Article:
Even the British blockade failed to prevent patent medicines from being shipped from wholesaler to retailer. In the account book of a Salem, Massachusetts, apothecary, the following entry appears:
4 cases Containing 1 Dozn Bottles Godfreys Cordial 4/ 5 Dozn Do Smaller Turling Bals 18/ 8 Dozn Bettons British Oil 8/ 6-1/2 Dozn Hoopers Female Pills 10/ 4 Dozn nd 8 Boxs And. Pills 10/
SALEM APRIL 8th 1777
The above 13 packages and 4 cases of medicines are ship'd on Board the Sloop Called the Two Brothers Saml West Master. On Account and [illegible word] of Mr. Oliver Smith of Boston Apothecary and to him consigned. The cases are unmarked being ship'd at Night. Error Excepted Jon. Waldo.
 Jonathon Waldo, Apothecary account book, Salem, Massachusetts [1770-1790]. Manuscript original preserved in the Library of the Essex Institute, Salem, Mass.
The sloop was undoubtedly one of the small coastal type ships employed by the colonists, and the British blockade required such ominous precautions as "unmarked cases" and "ship'd by Night."
Such random assortments of prewar importations could hardly have met the American demand for the old English patent medicines created by a half century of use. Doubtless many embattled farmers had to confront their ailments without the accustomed English-made remedies. However, as early as the 1750's, at least two of the English patent medicines, Daffy's and Stoughton's Elixirs, were being compounded in the colonies and packaged in empty bottles shipped from England. Apothecary Carter of Williamsburg ordered sizable quantities of empty "Stoughton Vials" from 1752 through 1770, and occasionally ordered empty Daffy's bottles. In 1774 apothecary Waldo of Salem noted the receipt from England of "1 Groce Stoughton Phials" and "1 Groce Daffy's Do." Joseph Stansbury, who sold china and glass in Philadelphia, advertised "Daffy's Elixir Bottles" a week after the Declaration of Independence. Stoughton's and Daffy's Elixirs, therefore, were being compounded by the American apothecaries during the Revolutionary War. Formulas for both preparations were official in the London and Edinburgh pharmacopoeias, as well as in unofficial formularies like Quincy's Pharmacopoeias officinalis extemporanea of 1765. All these publications were used widely by American physicians and apothecaries.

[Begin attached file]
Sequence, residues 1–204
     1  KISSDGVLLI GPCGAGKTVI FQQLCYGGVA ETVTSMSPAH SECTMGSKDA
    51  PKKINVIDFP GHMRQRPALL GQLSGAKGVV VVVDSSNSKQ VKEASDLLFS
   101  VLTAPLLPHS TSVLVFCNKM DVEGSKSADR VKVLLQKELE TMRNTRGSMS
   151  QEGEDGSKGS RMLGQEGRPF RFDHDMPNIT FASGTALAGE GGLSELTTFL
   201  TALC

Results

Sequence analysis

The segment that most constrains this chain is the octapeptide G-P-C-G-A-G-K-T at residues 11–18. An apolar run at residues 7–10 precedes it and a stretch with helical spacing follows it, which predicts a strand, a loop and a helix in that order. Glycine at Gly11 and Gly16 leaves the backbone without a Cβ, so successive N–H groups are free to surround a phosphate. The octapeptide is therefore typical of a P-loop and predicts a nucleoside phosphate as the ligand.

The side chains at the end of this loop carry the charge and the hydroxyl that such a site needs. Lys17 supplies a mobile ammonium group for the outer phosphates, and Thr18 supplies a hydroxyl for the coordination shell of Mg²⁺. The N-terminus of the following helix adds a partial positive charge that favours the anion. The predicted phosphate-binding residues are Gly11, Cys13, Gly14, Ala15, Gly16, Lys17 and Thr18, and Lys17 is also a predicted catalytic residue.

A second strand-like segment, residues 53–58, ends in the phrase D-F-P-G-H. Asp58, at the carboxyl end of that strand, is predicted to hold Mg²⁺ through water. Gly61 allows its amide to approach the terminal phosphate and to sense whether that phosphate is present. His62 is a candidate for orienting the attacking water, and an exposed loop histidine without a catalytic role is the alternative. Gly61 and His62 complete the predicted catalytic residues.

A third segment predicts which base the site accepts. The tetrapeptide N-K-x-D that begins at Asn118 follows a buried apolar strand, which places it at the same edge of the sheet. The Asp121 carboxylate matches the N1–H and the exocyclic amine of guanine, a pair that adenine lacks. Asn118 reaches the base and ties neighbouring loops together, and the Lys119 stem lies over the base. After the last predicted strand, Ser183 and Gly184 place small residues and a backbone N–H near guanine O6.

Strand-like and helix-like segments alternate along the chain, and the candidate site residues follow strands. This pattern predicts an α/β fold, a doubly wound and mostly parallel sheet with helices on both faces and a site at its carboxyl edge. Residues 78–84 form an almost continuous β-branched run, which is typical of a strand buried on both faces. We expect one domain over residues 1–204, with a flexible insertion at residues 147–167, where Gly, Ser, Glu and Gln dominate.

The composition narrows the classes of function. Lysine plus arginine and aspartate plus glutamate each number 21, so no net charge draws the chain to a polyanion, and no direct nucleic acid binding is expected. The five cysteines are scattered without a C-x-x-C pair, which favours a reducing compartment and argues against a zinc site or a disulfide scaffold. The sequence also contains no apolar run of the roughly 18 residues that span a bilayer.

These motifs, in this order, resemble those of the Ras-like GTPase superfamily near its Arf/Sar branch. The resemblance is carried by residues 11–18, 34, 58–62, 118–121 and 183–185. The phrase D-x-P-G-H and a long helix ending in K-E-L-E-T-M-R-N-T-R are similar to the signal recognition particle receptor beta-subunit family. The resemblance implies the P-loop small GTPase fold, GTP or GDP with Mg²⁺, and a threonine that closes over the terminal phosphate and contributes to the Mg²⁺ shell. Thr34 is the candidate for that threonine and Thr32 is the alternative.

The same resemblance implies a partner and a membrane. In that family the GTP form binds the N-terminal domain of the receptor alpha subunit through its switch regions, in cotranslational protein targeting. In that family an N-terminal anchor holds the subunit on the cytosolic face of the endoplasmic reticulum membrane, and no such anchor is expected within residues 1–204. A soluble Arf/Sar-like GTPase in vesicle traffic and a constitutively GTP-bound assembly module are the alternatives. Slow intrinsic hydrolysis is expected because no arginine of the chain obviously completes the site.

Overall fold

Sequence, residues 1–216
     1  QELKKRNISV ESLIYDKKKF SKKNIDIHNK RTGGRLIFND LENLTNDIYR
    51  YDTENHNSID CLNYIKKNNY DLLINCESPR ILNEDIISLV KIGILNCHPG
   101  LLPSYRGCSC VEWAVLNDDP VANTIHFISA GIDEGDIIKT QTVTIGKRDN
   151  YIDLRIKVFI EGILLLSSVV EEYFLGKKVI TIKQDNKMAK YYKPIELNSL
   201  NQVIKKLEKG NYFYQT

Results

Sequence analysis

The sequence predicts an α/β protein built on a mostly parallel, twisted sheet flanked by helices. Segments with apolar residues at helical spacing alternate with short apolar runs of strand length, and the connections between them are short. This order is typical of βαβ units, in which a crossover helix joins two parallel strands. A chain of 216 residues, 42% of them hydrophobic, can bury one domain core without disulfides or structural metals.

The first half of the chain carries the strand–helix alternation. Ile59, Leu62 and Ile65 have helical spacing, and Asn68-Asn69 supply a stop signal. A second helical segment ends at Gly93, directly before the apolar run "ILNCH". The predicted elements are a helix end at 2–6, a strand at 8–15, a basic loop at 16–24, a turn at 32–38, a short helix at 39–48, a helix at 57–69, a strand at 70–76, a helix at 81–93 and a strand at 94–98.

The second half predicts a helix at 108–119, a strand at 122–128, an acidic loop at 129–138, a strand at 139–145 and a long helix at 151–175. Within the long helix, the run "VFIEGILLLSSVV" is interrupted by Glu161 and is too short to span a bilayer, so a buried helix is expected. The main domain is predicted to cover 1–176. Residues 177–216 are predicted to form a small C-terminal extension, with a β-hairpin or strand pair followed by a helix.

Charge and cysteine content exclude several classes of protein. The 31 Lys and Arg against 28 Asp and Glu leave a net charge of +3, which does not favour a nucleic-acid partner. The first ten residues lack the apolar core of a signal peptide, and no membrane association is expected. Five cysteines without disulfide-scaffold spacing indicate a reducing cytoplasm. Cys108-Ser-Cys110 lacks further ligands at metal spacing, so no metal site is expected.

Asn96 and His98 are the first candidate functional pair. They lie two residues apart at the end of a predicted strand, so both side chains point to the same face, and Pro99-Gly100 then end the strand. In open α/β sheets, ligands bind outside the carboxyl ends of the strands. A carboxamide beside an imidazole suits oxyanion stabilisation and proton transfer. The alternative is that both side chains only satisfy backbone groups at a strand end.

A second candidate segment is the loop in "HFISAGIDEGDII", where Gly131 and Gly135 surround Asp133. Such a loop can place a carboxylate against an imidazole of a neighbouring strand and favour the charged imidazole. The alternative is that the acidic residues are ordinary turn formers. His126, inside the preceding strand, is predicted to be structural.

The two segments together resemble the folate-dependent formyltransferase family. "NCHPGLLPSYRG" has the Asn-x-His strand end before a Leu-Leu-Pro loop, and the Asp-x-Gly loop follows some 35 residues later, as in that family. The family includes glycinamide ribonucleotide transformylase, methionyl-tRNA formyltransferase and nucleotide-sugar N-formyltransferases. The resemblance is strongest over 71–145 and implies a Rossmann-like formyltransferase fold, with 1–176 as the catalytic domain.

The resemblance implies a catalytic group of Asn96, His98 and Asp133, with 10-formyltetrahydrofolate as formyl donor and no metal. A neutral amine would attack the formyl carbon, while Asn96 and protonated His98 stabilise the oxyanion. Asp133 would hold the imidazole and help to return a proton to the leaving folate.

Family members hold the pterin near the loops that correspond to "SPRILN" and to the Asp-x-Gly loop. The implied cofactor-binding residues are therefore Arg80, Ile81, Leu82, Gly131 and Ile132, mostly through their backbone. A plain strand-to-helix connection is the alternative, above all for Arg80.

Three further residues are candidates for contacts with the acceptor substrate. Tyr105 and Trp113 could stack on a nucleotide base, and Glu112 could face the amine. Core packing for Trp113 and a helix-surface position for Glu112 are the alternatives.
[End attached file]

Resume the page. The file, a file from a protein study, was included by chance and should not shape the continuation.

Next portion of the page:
Carter, op. cit. (footnote 46).
 Waldo, op. cit. (footnote 65).
 Pennsylvania Gazette, Philadelphia, July 11, 1776.
It is not known how extensively, during the struggle for independence, this custom was adopted for English patent medicines other than Daffy's and Stoughton's. However, imitation of English patent medicines in America was to increase, and it contributed to the chaos that beset the nostrum field when the war was over and the original articles from England were once more available. And they were bought. An advertisement at a time when the fighting was over and peace negotiations were still under way indicated that the Baltimore post office had half a dozen of the familiar English remedies for sale. Two years later a New York store turned to tortured rhyme to convey the same message: